&#8226 Consistent benefit from extra azoxystrobin at T3 in wheat.

&#8226 Higher dose usually brings better return.

&#8226 Lower doses may suit lower response situations.

&#8226 Minimum half dose at each timing.

&#8226 Must mix Amistar with partner product at T1 + T2.

&#8226 May be disadvantages with mixing strobs.

How to choose

Winter wheat

&#8226 Landmark stronger curative action + better on mildew.

&#8226 Amistar stronger on sharp eyespot + ear diseases.

&#8226 Alternating strob may be better than one product sequences.

Winter barley

&#8226 Amistar stronger, especially if net blotch present.

&#8226 Landmark may be cost effective, especially where mildew present.

&#8226 No advantage with strob sequences.


&#8226 Ensure adequate pgr where Landmark/Mantra used.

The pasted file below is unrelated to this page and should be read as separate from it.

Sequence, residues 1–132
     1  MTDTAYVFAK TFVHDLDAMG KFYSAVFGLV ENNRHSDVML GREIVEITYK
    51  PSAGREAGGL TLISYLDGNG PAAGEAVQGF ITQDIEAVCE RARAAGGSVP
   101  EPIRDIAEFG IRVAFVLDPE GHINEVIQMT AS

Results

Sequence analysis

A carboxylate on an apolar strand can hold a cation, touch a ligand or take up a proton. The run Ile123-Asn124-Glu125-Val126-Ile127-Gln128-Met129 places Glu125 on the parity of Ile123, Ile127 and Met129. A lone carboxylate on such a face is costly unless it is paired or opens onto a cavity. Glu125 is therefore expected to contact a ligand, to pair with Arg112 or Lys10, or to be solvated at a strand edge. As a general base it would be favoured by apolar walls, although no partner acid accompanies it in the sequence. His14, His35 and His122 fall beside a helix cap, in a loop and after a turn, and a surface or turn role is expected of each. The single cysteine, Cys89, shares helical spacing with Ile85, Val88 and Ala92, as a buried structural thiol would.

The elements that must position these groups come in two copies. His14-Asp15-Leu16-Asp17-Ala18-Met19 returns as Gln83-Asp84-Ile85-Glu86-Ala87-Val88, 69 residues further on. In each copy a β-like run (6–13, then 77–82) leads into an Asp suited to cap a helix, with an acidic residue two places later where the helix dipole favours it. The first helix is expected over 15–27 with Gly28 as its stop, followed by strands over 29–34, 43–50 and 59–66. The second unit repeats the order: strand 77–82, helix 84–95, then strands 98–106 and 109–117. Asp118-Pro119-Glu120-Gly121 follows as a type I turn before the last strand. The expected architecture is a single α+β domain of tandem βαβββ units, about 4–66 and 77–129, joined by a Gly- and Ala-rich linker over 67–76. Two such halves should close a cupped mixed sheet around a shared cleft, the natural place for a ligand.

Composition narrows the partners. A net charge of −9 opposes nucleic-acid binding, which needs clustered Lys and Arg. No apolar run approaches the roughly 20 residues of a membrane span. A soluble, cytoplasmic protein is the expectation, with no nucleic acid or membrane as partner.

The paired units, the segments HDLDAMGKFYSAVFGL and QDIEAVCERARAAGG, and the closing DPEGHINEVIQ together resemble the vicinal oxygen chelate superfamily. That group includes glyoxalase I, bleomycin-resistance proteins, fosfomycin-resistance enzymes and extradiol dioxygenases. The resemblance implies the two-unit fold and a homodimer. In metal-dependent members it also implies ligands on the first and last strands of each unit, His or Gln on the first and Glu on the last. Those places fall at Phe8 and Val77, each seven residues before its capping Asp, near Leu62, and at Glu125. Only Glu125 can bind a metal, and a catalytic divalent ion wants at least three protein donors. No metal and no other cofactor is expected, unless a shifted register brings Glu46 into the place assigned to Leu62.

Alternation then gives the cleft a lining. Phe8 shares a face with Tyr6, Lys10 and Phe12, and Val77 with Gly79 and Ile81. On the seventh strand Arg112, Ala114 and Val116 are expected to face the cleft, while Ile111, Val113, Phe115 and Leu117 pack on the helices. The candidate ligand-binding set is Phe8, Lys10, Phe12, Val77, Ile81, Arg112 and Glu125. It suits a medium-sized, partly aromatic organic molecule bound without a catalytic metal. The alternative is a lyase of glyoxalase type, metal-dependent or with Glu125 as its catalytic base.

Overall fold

&#8226 Scope to trim pgr where Amistar used.

&#8226 In low N cases Landmark can improve uptake + therefore yield.

&#8226 In high N cases Landmark may boost yield above plateau.

&#8226 May need more N for following crop.

&#8226 Use higher rates and alternative modes of action to minimise risk of

resistance developing.

Now fine-tuning messages emerging

ALTHOUGH consultants have just one year of field experience with strobilurins, compared with 15 for triazoles, management advice is emerging.

Key to improving advice is identifying where the best returns were achieved last year, says David Ellerton of distributor ProCam.

Helping in that process is the companys computerised Crop Management Survey of over 17,000ha (42,500 acres) on 70 farms. Last year almost a third of the fields received a strobilurin.